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Writing key-value pairs

To create a new key-value pair, or to update the value for a particular key, you can call the put method on any namespace you’ve bound to your script. The basic form of this method looks like this:

NAMESPACE.put(key, value)

The type is automatically inferred from value, and can be any of:

  • string
  • ReadableStream
  • ArrayBuffer

You can also write key-value pairs from the command line with Wrangler.

Finally, you can write data via the API.

Due to the eventually consistent nature of Workers KV, it’s a common pattern to write data via Wrangler or the API, but read the data from within a worker.

Writing Data in Bulk

You can write more than one key-value pair at a time with wrangler or via the API, up to 10,000 KV pairs. A key and value are required for each KV pair. The entire request size must be less than 100 megabytes. We do not support this from within a worker at this time.

Expiring Keys

Many common uses of Workers KV involve writing keys that are only meant to be valid for a certain amount of time. Rather than requiring applications to remember to delete such data at the appropriate time, Workers KV offers the ability to create keys that automatically expire, either at a particular point in time or after a certain amount of time has passed since the key was last modified.

The core behavior of an expiring key is that once its expiration time has been reached, attempts to read it will behave as if the key does not exist. Attempting to get the key’s value will return a promise that resolves to null in a Worker or a 404 HTTP response via the API, and listing keys using the API will omit any expired keys from the response.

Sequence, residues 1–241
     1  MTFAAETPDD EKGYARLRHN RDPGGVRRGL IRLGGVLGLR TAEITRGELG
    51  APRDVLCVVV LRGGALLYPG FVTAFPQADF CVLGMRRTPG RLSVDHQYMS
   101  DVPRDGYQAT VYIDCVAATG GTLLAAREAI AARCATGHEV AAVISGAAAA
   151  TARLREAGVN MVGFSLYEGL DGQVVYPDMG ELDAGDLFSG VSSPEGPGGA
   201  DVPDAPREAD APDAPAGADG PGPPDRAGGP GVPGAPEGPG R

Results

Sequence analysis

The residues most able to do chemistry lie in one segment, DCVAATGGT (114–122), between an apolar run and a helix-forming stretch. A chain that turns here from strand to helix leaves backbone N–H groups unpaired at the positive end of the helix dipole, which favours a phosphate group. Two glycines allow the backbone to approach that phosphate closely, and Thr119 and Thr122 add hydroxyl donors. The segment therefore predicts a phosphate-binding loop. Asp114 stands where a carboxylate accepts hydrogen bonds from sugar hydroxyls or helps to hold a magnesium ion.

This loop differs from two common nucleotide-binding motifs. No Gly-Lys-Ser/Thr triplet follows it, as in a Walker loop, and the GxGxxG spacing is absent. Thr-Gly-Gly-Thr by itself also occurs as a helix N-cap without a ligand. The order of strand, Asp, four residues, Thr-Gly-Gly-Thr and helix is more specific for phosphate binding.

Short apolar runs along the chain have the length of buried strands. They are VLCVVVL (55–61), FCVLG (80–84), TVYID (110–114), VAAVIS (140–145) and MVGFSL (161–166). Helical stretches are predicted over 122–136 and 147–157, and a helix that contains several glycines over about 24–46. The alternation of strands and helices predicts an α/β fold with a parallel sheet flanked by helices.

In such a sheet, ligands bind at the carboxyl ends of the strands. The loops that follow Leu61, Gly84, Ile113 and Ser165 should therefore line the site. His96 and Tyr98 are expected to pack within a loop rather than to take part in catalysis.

You can choose one of two ways to specify when a key should expire:

  • Set its “expiration”, using an absolute time specified in a number of seconds since the UNIX epoch. For example, if you wanted a key to expire at 12:00AM UTC on April 1, 2019, you would set the key’s expiration to 1554076800.
  • Set its “expiration TTL” (time to live), using a relative number of seconds from the current time. For example, if you wanted a key to expire 10 minutes after creating it, you would set its expiration TTL to 600.

Both of these options are usable when writing a key inside a Worker or when writing keys using the API.

Note that expiration times of less than 60 seconds in the future or expiration TTLs of less than 60 seconds are not supported at this time.

Creating expiring keys

We talked about the basic form of the put method above, but this call also has an optional third parameter. It accepts an object with optional fields that allow you to customize the behavior of the put. In particular, you can set either expiration or expirationTtl, depending on how you would like to specify the key’s expiration time. In other words, you’d run one of the two commands below to set an expiration when writing a key from within a Worker:

NAMESPACE.put(key, value, {expiration: secondsSinceEpoch})

NAMESPACE.put(key, value, {expirationTtl: secondsFromNow})

These assume that secondsSinceEpoch and secondsFromNow are variables defined elsewhere in your Worker code.

You can also write with an expiration on the command line via Wrangler or via the API.